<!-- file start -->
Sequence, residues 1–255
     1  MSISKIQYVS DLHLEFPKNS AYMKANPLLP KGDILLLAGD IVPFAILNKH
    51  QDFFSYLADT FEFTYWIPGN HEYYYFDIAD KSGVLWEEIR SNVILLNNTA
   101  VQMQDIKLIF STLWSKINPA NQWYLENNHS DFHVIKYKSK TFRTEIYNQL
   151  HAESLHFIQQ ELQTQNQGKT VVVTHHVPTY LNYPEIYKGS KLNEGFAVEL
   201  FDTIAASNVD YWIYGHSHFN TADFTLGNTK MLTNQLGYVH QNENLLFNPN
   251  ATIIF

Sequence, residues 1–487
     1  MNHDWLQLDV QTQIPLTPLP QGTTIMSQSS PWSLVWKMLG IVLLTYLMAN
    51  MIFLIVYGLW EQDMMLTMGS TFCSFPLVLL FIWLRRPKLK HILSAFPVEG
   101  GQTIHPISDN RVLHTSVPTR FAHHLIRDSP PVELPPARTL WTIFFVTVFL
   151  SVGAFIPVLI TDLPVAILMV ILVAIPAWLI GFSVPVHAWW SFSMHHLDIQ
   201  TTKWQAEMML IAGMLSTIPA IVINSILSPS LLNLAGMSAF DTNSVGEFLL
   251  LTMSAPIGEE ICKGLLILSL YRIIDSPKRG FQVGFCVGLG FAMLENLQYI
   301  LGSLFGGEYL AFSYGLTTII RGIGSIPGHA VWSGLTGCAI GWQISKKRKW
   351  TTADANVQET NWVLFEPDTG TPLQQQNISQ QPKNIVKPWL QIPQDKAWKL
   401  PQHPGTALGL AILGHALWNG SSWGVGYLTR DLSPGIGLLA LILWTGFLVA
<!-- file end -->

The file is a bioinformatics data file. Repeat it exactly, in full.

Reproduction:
Sequence, residues 1–255
     1  MSISKIQYVS DLHLEFPKNS AYMKANPLLP KGDILLLAGD IVPFAILNKH
    51  QDFFSYLADT FEFTYWIPGN HEYYYFDIAD KSGVLWEEIR SNVILLNNTA
   101  VQMQDIKLIF STLWSKINPA NQWYLENNHS DFHVIKYKSK TFRTEIYNQL
   151  HAESLHFIQQ ELQTQNQGKT VVVTHHVPTY LNYPEIYKGS KLNEGFAVEL
   201  FDTIAASNVD YWIYGHSHFN TADFTLGNTK MLTNQLGYVH QNENLLFNPN
   251  ATIIF

Sequence, residues 1–487
     1  MNHDWLQLDV QTQIPLTPLP QGTTIMSQSS PWSLVWKMLG IVLLTYLMAN
    51  MIFLIVYGLW EQDMMLTMGS TFCSFPLVLL FIWLRRPKLK HILSAFPVEG
   101  GQTIHPISDN RVLHTSVPTR FAHHLIRDSP PVELPPARTL WTIFFVTVFL
   151  SVGAFIPVLI TDLPVAILMV ILVAIPAWLI GFSVPVHAWW SFSMHHLDIQ
   201  TTKWQAEMML IAGMLSTIPA IVINSILSPS LLNLAGMSAF DTNSVGEFLL
   251  LTMSAPIGEE ICKGLLILSL YRIIDSPKRG FQVGFCVGLG FAMLENLQYI
   301  LGSLFGGEYL AFSYGLTTII RGIGSIPGHA VWSGLTGCAI GWQISKKRKW
   351  TTADANVQET NWVLFEPDTG TPLQQQNISQ QPKNIVKPWL QIPQDKAWKL
   401  PQHPGTALGL AILGHALWNG SSWGVGYLTR DLSPGIGLLA LILWTGFLVA